“Tree Talk” — Tom Clark

tree talk

Advertisements

“Time does not bring relief; you all have lied” — Edna St. Vincent Millay

time

“Of Mere Being” — Wallace Stevens

“A Poem About Baseballs” by Denis Johnson

“A Poem About Baseballs” by Denis Johnson–
 
for years the scenes bustled
through him as he dreamed he was
alive. then he felt real, and slammed
awake in the wet sheets screaming
too fast, everything moves
too fast, and the edges of things
are gone. four blocks away
a baseball was a dot against
the sky, and he thought, my
glove is too big, i will
drop the ball and it will be
a home run. the snow falls
too fast from the clouds,
and night is dropped and
snatched back like a huge
joke. is that the ball, or is
it just a bird, and the ball is
somewhere else, and i will
miss it? and the edges are gone, my
hands melt into the walls, my
hands do not end where the wall
begins. should i move
forward, or back, or will the ball
come right to me? i know i will
miss, because i always miss when it
takes so long. the wall has no
surface, no edge, the wall
fades into the air and the air is
my hand, and i am the wall. my
arm is the syringe and thus i
become the nurse, i am you,
nurse. if he gets
around the bases before the
ball comes down, is it a home
run, even if i catch it? if we could
slow down, and stop, we
would be one fused mass careening
at too great a speed through
the emptiness. if i catch
the ball, our side will
be up, and i will have to bat,
and i might strike out.

“Quickly Aging Here,” a poem by Denis Johnson

“Quickly Aging Here,” a poem by Denis Johnson—

1
nothing to drink in
the refrigerator but juice from
the pickles come back
long dead, or thin
catsup. i feel i am old
now, though surely i
am young enough? i feel that i have had
winters, too many heaped cold
and dry as reptiles into my slack skin.
i am not the kind to win
and win.
no i am not that kind, i can hear
my wife yelling, “goddamnit, quit
running over,” talking to
the stove, yelling, “i
mean it, just stop,” and i am old and
2
i wonder about everything: birds
clamber south, your car
kaputs in a blazing, dusty
nowhere, things happen, and constantly you
wish for your slight home, for
your wife’s rusted
voice slamming around the kitchen. so few
of us wonder why
we crowded, as strange,
monstrous bodies, blindly into one
another till the bed
choked, and our range
of impossible maneuvers was gone,
but isn’t it because by dissolving like so
much dust into the sheets we are crowding
south, into the kitchen, into
nowhere?

“The Ritualists” — William Carlos Williams

ritualists

With rage and contempt

Capture

John Berryman at the Brockport Writers Forum in October of 1970

“O Florida, Venereal Soil” — Wallace Stevens

“O Florida, Venereal Soil”

by

Wallace Stevens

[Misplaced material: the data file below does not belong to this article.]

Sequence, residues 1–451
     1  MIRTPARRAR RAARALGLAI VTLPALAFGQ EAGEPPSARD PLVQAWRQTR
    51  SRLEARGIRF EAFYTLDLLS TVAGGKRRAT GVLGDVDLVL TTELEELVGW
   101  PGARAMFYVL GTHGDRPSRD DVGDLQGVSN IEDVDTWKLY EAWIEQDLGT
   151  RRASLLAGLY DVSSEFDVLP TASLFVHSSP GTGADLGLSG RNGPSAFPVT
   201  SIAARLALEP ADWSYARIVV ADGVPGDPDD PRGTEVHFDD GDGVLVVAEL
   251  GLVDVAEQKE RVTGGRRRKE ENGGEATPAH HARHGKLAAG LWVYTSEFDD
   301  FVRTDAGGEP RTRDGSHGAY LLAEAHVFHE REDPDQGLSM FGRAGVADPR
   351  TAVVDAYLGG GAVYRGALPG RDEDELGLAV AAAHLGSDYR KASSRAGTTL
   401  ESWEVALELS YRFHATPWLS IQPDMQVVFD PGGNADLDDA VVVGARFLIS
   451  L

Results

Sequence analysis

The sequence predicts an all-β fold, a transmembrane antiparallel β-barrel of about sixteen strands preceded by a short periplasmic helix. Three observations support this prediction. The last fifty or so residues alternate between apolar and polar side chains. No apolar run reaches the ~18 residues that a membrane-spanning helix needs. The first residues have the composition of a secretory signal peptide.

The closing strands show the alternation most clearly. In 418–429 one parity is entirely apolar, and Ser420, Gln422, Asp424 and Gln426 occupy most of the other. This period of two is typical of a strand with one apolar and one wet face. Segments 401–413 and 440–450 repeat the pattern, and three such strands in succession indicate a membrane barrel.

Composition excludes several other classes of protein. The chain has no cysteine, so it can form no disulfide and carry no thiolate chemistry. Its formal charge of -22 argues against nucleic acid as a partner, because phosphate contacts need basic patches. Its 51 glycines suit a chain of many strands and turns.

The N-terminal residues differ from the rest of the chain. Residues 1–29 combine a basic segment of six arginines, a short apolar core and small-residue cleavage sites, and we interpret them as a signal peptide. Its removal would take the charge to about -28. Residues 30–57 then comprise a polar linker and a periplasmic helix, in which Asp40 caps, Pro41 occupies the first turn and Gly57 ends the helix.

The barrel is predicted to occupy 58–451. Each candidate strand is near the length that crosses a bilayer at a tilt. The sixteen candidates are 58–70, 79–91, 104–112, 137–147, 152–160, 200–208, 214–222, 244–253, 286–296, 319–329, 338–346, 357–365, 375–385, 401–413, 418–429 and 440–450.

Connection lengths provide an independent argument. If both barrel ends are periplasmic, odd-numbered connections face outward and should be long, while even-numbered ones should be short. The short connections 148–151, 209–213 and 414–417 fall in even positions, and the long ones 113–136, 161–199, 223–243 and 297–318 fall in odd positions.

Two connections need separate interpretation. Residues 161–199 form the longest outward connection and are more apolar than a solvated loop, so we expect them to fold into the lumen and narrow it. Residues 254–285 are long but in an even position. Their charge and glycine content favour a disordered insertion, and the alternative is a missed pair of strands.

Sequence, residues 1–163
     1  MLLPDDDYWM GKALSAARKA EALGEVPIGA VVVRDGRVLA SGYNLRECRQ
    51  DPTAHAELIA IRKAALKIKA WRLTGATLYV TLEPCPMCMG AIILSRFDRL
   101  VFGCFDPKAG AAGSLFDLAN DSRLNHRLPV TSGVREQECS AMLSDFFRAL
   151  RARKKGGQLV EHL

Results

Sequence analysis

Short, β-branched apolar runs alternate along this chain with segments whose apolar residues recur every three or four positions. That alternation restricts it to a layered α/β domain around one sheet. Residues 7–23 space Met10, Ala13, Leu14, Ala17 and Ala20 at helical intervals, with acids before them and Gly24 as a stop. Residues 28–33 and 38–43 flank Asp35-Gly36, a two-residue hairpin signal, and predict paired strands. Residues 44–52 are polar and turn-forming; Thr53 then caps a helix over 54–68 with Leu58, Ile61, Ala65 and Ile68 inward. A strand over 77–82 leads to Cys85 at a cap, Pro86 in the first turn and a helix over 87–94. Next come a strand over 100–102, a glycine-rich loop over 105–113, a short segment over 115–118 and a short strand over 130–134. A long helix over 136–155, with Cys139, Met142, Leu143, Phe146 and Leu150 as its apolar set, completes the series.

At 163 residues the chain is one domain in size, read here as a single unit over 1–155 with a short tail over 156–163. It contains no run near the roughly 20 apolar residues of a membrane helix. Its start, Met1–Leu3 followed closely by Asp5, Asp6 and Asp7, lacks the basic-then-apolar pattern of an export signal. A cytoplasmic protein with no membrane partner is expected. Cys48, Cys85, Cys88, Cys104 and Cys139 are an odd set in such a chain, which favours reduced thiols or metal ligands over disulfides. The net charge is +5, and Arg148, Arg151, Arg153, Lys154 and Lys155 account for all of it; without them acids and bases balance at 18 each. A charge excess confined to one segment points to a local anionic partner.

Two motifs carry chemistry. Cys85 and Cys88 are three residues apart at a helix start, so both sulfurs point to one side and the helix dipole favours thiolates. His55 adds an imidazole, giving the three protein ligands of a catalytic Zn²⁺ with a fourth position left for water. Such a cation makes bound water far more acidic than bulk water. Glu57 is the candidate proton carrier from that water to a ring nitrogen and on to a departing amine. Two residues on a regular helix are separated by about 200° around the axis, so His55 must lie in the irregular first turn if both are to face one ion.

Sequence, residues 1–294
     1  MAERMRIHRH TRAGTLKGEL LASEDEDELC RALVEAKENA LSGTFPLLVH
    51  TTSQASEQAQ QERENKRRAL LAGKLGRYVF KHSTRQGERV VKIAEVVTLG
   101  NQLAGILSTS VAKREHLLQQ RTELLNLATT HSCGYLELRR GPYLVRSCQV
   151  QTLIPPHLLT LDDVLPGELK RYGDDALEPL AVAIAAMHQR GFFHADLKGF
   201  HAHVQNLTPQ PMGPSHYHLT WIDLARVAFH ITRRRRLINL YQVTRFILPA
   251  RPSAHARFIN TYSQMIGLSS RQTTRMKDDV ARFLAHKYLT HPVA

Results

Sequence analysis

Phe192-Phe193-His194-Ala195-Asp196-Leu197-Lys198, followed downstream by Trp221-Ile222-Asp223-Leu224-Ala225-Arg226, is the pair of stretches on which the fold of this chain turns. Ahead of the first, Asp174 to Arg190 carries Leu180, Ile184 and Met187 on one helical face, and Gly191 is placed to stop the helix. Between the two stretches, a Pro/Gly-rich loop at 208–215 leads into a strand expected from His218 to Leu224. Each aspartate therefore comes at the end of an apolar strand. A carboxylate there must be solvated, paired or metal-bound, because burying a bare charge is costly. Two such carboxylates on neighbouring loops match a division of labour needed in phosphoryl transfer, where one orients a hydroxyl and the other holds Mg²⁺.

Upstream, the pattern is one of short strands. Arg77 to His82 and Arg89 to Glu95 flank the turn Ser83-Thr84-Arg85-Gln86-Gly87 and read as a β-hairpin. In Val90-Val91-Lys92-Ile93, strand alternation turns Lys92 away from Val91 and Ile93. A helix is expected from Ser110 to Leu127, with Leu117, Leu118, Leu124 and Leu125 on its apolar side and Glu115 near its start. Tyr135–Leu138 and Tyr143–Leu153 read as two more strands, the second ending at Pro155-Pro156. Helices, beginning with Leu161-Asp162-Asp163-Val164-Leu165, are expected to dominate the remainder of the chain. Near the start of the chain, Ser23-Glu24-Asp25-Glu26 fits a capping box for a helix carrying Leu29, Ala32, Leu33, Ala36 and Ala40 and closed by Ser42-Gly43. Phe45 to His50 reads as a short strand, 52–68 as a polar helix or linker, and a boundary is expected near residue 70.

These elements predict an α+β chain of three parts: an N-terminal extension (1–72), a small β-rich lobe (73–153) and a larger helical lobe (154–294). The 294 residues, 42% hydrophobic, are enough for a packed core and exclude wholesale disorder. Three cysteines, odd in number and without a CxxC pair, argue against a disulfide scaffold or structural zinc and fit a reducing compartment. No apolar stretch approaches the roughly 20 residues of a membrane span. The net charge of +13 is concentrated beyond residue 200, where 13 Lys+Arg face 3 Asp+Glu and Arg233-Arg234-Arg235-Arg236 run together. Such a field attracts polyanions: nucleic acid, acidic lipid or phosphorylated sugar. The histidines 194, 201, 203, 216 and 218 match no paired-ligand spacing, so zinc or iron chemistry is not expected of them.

A few things for themselves,
Convolvulus and coral,
Buzzards and live-moss,
Tiestas from the keys,
A few things for themselves,
Florida, venereal soil,
Disclose to the lover.

The dreadful sundry of this world,
The Cuban, Polodowsky,
The Mexican women,
The negro undertaker
Killing the time between corpses
Fishing for crayfish…
Virgin of boorish births,

Swiftly in the nights,
In the porches of Key West,
Behind the bougainvilleas,
After the guitar is asleep,
Lasciviously as the wind,
You come tormenting,
Insatiable,

When you might sit,
A scholar of darkness,
Sequestered over the sea,
Wearing a clear tiara
Of red and blue and red,
Sparkling, solitary, still,
In the high sea-shadow.

Donna, donna, dark,
Stooping in indigo gown
And cloudy constellations,
Conceal yourself or disclose
Fewest things to the lover —
A hand that bears a thick-leaved fruit,
A pungent bloom against your shade.

Or shroud of gnome / Himself, himself inform (Emily Dickinson)

eds

Daniel Borzutzky poems (Books acquired, 9 March 2017)

Big thanks to BLCKDGRD for sending me two books of poetry by Daniel Borzutzky. I’d never read Borzutzky before, but I dig it so far. These poems are abject—stuff about what it means to have a body, to have some horror at having a body, etc.

A bit from “The Blazing Cities of Your Rotten Carcass Mouth,” collected in The Performance of Becoming Human:

“Spring” — William Carlos Williams 

The older we get the more we write elegies | RIP Derek Walcott

RIP Derek Walcott, 1930-2017

Hear him read his poem “For Oliver Jackman” around the 6:00 mark.

Screenshot 2017-03-17 at 3

“Nullo” — Jean Toomer

capture

“Teacher” — Langston Hughes

teacher

“Tired” — Fenton Johnson

“The New Colossus” — Emma Lazarus

“The New Colossus”

by
Emma Lazarus

Not like the brazen giant of Greek fame,
With conquering limbs astride from land to land;
Here at our sea-washed, sunset gates shall stand
A mighty woman with a torch, whose flame
Is the imprisoned lightning, and her name
Mother of Exiles. From her beacon-hand
Glows world-wide welcome; her mild eyes command
The air-bridged harbor that twin cities frame.
“Keep, ancient lands, your storied pomp!” cries she
With silent lips. “Give me your tired, your poor,
Your huddled masses yearning to breathe free,
The wretched refuse of your teeming shore.
Send these, the homeless, tempest-tost to me,
I lift my lamp beside the golden door!”